Photography and the Arctic

1l7z1196.jpgExpedition Day 60
Position: Not Reported

Our expedition is nearly complete, it’s safe to say that the hardest parts are over and that I will be returning with most of my camera equipment intact. Most of it at least… I can’t imagine being one of the origional arctic explorers traveling with cameras that now would be in a museum, having to deal with the many situations that are hard enough with new improved technologies. It’s hard enough getting the right exposure with digital cameras that allow you to see the photograph imidiately after you’ve taken it, imagine not seeing your film for a year or more after taking the image, wondering the whole time if your camera had some flaw that you wheren’t aware of. The old black and whites that I saw while researching previous expeditions to Ellesmere Island where dark and grainy, hard to comprehend and didn’t give a very clear idea about the hardships that people have to face in the arctic. What photographer really wants to set up a massive camera and change their film to suit the situation in a blizzard. It’s hard enough now to simply change a lens without getting bits of snow inside the camera, bits of snow that mess with the intricate inner workings of the camera. A snowflake can ruin a whole roll of film. That said, it is also a pleasure to be faced with difficulties. The harder the situation, the more likely nobody has ever taken that image before. The benefits of modern technology make quickly responding to a situation so much easier, when the eleven wolves visited us last night, it was easy to pick up the camera and snap off a dozen images even though they disapeared nearly as fast as they apeared. I can’t wait to get all of my photographs downloaded and to see them on a big screen that allows me to see the details, it’s like opening presents!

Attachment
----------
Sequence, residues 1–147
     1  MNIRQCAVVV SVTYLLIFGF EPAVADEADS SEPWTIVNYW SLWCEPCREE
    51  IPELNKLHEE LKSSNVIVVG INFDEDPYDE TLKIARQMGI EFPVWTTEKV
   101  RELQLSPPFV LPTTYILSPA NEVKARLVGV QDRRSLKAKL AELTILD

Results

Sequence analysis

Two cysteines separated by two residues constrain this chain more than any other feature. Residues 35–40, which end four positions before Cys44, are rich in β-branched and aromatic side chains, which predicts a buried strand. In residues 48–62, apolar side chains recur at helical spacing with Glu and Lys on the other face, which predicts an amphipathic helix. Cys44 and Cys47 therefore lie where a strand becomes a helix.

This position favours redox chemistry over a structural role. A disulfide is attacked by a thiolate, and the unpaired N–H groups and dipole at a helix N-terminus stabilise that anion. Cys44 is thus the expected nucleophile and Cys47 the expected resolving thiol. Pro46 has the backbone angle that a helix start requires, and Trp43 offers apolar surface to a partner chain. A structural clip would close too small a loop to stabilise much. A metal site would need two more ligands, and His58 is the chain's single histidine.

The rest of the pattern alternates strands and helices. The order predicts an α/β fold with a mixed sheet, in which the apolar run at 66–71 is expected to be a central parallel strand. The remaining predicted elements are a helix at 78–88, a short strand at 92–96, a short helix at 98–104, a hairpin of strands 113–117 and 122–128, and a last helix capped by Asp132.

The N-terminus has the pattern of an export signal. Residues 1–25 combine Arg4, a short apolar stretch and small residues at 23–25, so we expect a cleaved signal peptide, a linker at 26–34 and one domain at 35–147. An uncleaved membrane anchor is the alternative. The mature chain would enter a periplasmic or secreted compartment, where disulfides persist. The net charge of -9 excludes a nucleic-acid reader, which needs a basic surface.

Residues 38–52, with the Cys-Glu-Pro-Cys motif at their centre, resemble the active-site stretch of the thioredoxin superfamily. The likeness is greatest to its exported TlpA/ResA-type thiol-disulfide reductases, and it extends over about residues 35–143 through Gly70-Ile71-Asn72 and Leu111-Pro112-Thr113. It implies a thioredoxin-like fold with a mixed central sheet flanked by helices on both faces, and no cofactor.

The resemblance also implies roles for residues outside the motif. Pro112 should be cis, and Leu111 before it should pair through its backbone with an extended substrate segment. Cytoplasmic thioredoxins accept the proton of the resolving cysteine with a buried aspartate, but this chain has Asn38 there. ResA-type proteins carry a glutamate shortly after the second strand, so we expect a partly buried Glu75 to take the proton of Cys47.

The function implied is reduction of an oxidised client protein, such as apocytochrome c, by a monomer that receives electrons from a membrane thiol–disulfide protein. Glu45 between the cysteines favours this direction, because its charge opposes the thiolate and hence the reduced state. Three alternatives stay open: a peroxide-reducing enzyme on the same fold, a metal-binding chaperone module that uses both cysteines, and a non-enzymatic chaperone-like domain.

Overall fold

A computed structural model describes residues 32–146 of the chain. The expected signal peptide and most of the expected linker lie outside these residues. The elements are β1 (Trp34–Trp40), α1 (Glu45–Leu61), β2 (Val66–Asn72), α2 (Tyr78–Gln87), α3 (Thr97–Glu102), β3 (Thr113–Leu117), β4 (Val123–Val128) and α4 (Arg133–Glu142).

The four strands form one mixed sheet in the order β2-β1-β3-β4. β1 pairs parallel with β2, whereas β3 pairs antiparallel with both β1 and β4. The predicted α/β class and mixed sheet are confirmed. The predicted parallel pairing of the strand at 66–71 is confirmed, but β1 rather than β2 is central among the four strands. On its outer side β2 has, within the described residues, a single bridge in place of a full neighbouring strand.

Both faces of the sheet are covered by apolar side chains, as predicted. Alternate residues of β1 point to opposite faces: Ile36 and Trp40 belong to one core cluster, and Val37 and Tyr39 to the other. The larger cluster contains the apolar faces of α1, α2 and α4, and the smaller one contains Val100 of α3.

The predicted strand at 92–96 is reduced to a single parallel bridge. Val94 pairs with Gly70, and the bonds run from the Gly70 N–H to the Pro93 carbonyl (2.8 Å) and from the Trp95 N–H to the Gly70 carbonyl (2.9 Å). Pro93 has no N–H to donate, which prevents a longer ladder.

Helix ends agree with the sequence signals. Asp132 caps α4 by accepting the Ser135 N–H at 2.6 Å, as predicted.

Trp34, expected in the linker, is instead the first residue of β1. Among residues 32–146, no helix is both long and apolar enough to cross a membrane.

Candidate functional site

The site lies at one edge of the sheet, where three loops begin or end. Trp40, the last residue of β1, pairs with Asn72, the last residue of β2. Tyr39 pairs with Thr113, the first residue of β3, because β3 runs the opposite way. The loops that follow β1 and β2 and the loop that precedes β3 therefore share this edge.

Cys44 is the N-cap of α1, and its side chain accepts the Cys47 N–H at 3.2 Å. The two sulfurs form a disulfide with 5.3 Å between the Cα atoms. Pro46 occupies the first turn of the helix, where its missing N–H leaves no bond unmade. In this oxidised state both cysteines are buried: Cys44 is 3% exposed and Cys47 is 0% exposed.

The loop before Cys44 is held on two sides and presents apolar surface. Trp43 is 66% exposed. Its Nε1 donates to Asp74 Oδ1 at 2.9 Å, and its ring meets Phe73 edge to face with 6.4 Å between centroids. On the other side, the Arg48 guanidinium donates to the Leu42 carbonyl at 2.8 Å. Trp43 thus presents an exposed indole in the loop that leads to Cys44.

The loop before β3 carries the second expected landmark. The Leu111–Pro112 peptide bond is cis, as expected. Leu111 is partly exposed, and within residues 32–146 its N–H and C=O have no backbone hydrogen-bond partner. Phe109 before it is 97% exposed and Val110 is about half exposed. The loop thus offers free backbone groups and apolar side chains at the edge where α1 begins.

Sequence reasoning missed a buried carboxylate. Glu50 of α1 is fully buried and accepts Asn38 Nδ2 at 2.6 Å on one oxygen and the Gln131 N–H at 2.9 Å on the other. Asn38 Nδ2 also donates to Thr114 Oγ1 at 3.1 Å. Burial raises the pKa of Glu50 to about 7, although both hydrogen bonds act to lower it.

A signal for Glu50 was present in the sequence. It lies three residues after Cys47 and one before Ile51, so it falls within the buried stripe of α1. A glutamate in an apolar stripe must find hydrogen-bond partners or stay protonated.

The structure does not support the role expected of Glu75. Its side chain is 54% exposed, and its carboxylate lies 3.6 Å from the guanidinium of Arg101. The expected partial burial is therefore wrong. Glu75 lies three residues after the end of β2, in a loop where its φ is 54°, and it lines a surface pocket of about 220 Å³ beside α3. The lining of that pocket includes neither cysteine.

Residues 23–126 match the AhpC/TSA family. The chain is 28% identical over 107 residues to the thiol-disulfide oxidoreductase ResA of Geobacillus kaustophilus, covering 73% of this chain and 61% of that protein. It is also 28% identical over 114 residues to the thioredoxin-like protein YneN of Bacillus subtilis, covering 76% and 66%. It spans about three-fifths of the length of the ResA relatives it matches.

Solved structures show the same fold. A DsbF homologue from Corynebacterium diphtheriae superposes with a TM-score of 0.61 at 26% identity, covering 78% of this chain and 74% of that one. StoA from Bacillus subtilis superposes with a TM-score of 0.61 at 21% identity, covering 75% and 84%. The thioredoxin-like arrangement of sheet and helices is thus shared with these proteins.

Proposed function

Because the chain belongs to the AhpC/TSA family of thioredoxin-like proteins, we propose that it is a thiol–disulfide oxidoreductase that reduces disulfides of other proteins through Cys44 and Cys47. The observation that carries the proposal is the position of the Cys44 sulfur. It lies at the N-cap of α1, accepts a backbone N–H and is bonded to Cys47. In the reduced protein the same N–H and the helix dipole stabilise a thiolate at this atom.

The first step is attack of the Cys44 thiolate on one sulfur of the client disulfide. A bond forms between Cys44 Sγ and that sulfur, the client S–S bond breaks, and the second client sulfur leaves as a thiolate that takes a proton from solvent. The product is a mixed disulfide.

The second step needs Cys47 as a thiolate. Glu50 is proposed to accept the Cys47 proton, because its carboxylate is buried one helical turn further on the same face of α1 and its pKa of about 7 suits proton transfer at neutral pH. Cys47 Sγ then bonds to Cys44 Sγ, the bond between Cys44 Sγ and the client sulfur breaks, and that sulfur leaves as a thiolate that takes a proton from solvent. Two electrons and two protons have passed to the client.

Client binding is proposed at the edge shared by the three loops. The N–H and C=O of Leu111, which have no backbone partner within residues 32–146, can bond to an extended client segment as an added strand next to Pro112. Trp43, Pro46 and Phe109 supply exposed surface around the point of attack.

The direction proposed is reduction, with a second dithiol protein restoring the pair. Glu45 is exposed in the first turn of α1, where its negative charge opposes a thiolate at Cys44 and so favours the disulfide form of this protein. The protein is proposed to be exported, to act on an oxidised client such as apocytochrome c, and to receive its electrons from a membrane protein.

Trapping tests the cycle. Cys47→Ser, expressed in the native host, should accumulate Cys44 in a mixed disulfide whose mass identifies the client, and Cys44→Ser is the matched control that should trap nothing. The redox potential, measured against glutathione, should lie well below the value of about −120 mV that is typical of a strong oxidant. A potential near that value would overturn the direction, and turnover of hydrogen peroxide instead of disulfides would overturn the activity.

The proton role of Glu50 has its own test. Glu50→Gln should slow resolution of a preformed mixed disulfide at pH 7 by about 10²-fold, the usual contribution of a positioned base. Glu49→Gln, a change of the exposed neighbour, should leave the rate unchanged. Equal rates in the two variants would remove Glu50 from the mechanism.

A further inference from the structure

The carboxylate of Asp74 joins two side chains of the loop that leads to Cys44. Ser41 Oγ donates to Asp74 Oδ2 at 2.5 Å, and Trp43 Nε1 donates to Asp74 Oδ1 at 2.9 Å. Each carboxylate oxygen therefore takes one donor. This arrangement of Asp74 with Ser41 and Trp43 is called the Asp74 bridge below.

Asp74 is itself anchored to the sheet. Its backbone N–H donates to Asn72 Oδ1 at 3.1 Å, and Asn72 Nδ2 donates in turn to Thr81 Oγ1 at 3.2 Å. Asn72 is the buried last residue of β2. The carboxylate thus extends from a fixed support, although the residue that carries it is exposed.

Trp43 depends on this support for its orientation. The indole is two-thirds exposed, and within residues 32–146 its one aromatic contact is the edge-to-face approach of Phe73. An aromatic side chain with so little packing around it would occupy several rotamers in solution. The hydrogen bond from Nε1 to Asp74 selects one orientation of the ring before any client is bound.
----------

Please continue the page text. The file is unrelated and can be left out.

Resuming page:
In my time up here in the arctic, I’m sure I’ve learned a lot. Not just about photography, but about myself and about life. I don’t think I’ll be able to fully grasp what those lessons might be quite yet, but I’m sure they will come to me over time. I’ve found that the simple little comforts are the most exciting up here. For instance I allowed myself two sweet caramels a week, and would look forward to those little treats more than anything. Would they have had the same effect if I had been able to eat as much as I wanted? I doubt it. When we sit around the stove at night and dream about our favorite meals, and what we miss most from home, I find that these things are not really what I care about, I care most about the memories that I get to bring back with me, and the life lessons learned up here that I can draw on for the rest of my life.


Ben Horton, Expedition Photographer



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This dispatch was created and posted using Dispatch 1.0 – an expedition dispatch software developed by The Will Steger Foundation and Global Warming 101 Expeditions.


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